Some idea of specific topics can be obtained by refering to the list of current and past Research Students, many of whom maintain their own pages which are linked. However, these specific topics are of course not available as new PhD topics though occasionally there are follow-on possibilities. Many of the topics of MSc dissertations have led (or may lead) to PhD topics so it is also useful to look there. I usually have one or two very specific proposals in mind which are not described below and which I can send direct to applicants on request if you contact me. The majority of former PhD students listed on the main page are pursuing research careers in academic or industrial environments, both within the UK and outside the UK (in roughly equal numbers).

The general areas for PhD topics in which I am interested are in Applied Statistics where the objective is the development of new statistical methodology to meet the demands of analyzing data effectively and efficiently. Areas of application where such data-driven problems arise include environmental statistics (e.g. geology, archaeology, climatology), medical statistics (e.g. clinical trials, survival data modelling), bioinformatics (e.g. analysis of microarray gene expression data, proteomics, metabonomics, biomedical imaging, High Throughput Screening, High Content Cell Biology). Statistical topics arising in these areas include multivariate methods, outliers and robust methods, linear functional models (i.e. 'errors-in-variables models'), spatial analysis, particle size analysis, time series, image analysis, non-parametric and semi-parametric density estimation. A few more details on some of these are given below.

Measurements of particles such as sand grains, blood platelets, fuel droplets and feedstuffs can provide information on depositional processes, diagnostics for coronary disease, combustion properties and explosive risks and digestibility of diets. Efficient statistical modelling of the size distribution can enhance the quality of the information extracted. Traditional models such as the log-Normal and Weibull for the size distribution are rarely good fits to the size distribution and so their use fails to extract available information. The log-hyperbolic family (which includes the log-Normal and log-skew-Laplace as special cases) has been found to be effective and to provide coherent answers to practical problems in a wide variety of fields. There remain many statistical problems in the area. For example, incorporating time-dependent covariates in the models, modelling more precisely the measuring techinque employed, especially those methods relying on light scattering where available mathematical approximations to light behaviour are only satisfactory at sizes well above those of interest in some applications.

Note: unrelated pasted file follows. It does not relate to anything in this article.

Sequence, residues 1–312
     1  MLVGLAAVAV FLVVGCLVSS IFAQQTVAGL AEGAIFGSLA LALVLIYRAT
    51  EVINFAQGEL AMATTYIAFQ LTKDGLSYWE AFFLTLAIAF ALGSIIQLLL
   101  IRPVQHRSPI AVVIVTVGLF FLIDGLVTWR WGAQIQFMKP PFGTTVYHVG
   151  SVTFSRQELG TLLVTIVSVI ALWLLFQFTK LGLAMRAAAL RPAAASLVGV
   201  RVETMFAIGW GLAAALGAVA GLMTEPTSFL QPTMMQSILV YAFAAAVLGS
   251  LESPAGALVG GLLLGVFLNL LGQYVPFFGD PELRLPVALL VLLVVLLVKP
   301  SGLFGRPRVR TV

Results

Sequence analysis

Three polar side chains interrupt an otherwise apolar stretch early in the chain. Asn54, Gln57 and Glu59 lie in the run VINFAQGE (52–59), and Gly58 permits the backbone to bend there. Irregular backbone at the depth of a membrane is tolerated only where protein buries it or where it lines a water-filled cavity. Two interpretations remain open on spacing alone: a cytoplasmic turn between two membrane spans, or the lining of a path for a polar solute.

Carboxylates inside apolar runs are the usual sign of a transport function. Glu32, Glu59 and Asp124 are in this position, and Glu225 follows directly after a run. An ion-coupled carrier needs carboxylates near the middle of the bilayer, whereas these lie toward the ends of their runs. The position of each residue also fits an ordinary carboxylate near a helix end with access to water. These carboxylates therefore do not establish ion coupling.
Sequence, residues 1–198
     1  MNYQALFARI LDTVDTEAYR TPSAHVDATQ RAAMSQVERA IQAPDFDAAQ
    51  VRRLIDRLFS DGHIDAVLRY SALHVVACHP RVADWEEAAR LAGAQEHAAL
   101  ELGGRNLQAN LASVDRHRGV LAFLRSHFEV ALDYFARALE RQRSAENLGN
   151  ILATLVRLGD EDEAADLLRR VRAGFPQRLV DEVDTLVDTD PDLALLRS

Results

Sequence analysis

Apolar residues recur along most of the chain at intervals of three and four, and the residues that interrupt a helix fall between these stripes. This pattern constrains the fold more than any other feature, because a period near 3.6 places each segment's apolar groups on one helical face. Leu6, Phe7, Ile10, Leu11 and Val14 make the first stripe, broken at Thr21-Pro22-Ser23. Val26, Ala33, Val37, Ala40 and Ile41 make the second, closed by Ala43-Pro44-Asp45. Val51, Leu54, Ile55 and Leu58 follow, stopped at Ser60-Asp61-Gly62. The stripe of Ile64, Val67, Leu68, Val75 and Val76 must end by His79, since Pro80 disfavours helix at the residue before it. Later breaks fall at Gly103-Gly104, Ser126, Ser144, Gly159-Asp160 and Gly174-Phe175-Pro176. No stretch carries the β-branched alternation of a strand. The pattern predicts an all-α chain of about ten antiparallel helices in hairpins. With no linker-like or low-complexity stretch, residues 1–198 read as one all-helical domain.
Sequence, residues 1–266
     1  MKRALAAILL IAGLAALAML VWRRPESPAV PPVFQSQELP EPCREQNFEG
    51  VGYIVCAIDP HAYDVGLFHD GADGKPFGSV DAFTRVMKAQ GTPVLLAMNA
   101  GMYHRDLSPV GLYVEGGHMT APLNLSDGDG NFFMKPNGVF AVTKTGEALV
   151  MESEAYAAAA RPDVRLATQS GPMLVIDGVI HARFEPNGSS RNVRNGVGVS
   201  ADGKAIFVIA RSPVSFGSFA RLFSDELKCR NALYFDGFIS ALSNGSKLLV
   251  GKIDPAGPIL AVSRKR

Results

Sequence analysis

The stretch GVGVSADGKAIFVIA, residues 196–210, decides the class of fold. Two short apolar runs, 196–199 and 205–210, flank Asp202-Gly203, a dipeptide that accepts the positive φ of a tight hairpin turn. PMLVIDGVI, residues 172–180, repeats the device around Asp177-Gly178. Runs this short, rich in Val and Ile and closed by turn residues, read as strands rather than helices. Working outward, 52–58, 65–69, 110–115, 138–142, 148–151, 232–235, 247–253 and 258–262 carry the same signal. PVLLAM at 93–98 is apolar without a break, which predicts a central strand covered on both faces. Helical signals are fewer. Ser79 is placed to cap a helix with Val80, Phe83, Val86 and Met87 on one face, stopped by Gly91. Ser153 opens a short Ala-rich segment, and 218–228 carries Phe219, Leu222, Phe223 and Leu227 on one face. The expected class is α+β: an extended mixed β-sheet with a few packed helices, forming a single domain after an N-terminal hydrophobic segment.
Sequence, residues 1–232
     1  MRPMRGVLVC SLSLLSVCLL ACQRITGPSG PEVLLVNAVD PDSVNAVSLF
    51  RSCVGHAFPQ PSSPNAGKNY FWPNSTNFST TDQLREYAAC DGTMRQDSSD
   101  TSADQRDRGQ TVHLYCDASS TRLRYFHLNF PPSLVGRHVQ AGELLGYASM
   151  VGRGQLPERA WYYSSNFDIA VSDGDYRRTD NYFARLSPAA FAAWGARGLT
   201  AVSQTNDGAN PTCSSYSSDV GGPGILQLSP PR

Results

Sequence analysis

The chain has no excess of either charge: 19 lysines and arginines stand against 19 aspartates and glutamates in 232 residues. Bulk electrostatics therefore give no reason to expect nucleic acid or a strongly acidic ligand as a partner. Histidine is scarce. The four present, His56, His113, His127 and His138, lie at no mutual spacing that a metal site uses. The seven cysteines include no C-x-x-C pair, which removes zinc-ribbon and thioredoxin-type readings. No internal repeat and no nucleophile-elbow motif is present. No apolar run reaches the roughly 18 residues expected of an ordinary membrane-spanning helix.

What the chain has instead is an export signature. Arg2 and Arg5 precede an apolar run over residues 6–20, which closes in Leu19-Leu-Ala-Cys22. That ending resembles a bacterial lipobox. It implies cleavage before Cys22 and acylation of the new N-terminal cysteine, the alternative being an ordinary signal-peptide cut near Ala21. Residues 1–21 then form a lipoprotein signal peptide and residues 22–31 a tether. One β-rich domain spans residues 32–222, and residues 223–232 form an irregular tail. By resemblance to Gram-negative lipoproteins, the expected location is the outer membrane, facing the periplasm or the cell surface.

Dendrochronology (or Tree-Ring Analysis) is based on the fact that many species of trees produce annual growth rings whose widths depend upon the climate of the growing season. Measurement of tree-rings can produce a sequence of records of past climate that can be used for plaeoenvironmental climatic reconstruction or for dating of old timbers. Statistical techniques used rely on various methods of time series analysis, especially methods of robust analysis that can overcome problems of data contamination.

Measurements of gene expression by recording the light intensities of perhaps many thousands of fluorescing genes implanted in a small chip or microarray introduce many statistical problems involving multivariate analysis of very high dimensional [megavariate] data with small numbers of observations and minimal replication. Statistical techniques of use in this area include multivariate analysis, Bayesian networks, Mixed Effects Linear Models. Measurement of protein or metabolic profiles by mass spectroscopic methods introduce problems of registration and calibration as well as those inherent in precursor technologies.

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Department of Probability and Statistics | School of Mathematics and Statistics | ||

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Dr Nick Fieller
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